His Best Friend's Dead-ing
Christopher "Kit" Marlowe is based on a real-life historical figure of the same name. The real-life Christopher Marlowe was young and dreamy, with flowing hair and gorgeous eyes, and he was a successful playwright. Sound familiar? He sounds a lot like how Shakespeare is portrayed in this movie…
Which is a bit of meta irony, because some people believe that Marlowe, who wrote Doctor Faustus, faked his death and wrote under the penname of… wait for it… William Shakespeare.
In the film, Marlowe might as well have written Romeo and Juliet because he gives Shakespeare the whole basic plot:
"Romeo is Italian, always in and out of love."
"The daughter of his enemy."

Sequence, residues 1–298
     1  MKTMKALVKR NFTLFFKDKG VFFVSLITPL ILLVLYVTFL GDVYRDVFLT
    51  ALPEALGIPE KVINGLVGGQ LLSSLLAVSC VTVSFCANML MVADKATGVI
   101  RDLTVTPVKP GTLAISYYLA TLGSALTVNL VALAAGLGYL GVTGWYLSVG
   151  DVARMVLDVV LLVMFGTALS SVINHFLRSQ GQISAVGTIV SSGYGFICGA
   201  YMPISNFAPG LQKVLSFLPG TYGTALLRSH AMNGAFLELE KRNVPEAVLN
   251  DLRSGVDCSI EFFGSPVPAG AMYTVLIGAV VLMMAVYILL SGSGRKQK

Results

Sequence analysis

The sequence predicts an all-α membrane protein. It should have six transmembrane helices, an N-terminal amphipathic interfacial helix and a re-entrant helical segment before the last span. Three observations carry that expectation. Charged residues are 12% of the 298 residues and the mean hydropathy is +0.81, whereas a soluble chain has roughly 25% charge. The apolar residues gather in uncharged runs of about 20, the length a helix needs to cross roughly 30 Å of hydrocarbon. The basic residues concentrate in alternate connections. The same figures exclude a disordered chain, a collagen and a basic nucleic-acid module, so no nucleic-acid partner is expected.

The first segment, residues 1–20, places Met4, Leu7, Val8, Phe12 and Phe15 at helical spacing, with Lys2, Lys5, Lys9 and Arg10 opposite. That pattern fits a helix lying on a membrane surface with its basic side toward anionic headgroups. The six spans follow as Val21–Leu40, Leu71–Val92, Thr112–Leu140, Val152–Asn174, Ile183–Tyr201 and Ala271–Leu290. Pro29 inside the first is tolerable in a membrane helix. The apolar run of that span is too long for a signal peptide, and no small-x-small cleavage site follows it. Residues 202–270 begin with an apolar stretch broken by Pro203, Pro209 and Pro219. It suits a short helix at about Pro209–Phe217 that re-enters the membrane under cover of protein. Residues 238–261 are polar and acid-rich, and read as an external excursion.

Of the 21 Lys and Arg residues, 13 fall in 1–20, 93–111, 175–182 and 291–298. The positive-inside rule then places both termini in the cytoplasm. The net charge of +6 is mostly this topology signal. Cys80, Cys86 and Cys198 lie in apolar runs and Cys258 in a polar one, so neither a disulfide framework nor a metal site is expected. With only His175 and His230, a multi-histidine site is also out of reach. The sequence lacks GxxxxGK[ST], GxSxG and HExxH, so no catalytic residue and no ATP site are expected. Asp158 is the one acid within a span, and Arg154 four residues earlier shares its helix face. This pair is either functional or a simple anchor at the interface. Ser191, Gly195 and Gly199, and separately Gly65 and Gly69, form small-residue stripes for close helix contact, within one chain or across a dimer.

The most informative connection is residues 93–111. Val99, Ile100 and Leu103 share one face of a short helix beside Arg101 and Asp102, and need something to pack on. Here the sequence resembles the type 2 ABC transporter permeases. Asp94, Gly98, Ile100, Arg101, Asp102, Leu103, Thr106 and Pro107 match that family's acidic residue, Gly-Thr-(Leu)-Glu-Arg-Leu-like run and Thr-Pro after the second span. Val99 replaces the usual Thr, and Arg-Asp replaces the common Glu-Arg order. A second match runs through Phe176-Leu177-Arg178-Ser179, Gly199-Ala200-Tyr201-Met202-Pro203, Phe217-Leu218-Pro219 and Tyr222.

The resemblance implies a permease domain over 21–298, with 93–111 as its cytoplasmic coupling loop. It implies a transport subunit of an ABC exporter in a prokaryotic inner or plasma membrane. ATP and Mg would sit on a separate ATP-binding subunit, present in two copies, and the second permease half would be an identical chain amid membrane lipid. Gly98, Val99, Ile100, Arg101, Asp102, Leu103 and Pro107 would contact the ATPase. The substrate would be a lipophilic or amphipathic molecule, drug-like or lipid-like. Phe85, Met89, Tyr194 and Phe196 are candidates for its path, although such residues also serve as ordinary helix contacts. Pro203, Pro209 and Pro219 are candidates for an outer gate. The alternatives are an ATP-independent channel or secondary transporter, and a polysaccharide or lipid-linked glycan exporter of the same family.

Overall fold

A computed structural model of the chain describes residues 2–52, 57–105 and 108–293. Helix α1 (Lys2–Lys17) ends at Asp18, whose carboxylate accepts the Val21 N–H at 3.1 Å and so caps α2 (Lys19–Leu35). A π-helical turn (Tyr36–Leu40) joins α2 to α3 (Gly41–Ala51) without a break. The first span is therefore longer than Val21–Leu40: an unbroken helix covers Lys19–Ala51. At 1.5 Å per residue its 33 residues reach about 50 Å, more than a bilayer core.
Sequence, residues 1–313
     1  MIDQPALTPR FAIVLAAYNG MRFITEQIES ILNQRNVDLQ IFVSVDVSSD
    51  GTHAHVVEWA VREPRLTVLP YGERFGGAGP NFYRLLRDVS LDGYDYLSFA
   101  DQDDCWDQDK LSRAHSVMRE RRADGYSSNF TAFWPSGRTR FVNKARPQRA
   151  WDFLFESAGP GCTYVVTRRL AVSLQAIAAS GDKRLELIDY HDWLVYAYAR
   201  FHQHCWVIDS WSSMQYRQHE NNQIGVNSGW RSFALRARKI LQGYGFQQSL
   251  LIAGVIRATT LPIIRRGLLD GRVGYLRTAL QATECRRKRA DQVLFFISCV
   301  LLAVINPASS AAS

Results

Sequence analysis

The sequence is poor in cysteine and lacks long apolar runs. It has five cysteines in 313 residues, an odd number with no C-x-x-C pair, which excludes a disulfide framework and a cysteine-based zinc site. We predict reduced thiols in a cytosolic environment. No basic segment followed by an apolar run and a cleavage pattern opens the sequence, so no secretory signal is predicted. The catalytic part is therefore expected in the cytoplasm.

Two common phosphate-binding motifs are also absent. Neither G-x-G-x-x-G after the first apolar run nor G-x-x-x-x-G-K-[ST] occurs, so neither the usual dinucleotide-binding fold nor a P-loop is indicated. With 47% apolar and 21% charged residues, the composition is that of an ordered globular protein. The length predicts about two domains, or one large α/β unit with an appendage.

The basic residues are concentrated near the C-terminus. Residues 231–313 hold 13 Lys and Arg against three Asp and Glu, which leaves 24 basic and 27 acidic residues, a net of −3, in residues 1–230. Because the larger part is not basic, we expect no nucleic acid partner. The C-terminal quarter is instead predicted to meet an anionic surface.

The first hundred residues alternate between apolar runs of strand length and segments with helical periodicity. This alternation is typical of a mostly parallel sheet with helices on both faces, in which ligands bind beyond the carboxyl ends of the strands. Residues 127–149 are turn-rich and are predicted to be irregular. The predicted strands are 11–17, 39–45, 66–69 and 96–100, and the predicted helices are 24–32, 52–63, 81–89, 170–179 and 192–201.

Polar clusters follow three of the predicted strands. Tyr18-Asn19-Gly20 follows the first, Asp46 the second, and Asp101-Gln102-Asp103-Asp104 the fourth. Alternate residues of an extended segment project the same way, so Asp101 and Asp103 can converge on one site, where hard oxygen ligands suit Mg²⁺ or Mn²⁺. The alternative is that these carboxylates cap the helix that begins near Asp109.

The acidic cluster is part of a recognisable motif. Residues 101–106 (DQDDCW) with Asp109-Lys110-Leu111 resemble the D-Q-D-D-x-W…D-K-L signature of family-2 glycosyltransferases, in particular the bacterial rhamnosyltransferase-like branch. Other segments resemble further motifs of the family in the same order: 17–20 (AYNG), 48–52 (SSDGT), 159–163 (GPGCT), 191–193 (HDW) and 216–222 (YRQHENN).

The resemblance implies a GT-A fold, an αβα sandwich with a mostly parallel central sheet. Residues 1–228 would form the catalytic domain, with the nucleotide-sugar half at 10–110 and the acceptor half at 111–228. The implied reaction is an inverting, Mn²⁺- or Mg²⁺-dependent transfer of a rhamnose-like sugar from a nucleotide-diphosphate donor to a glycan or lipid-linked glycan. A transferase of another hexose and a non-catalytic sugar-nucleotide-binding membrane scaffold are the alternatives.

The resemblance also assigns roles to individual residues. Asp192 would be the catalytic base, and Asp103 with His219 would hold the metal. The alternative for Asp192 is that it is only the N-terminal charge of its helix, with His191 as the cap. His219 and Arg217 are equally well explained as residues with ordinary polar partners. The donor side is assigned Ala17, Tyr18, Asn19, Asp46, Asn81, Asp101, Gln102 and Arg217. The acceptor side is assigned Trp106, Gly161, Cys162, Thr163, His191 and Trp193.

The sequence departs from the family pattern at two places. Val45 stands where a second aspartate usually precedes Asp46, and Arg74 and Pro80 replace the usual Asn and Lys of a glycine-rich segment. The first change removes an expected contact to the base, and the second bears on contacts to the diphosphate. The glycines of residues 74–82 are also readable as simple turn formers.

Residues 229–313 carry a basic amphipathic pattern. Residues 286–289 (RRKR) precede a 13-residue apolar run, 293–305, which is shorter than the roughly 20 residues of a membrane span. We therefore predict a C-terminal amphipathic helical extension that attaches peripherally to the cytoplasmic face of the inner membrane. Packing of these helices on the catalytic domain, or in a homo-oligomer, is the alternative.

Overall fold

"Best friend is killed in a duel."
"Mercutio, good name."
But, in a twist, Shakespeare tells Wessex that his name is Marlowe,
causing a bit of identity confusion (a common Shakespeare trope) that
ends up in Marlowe's death. Or at least that's what Will thinks before
learning that Marlowe accidentally stabbed himself in the eye with a
knife in a barroom duel. What a way to go.
Will respects Marlowe in death, but to further the conspiracy theory, could it be because Will is Marlowe? Maybe there's a bit of Fight Club-esque dual identity going on here, with two actors playing two parts of the same person's identity?
Okay, it's doubtful. We're just trying to make something more of this character… who only gets two scenes in the film.